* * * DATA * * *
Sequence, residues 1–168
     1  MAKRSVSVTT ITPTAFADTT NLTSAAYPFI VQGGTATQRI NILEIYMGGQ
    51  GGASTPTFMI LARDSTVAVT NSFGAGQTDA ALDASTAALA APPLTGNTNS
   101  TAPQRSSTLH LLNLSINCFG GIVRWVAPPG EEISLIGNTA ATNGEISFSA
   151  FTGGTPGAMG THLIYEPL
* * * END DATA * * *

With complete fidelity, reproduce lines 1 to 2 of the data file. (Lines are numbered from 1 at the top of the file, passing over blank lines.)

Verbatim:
Sequence, residues 1–168
     1  MAKRSVSVTT ITPTAFADTT NLTSAAYPFI VQGGTATQRI NILEIYMGGQ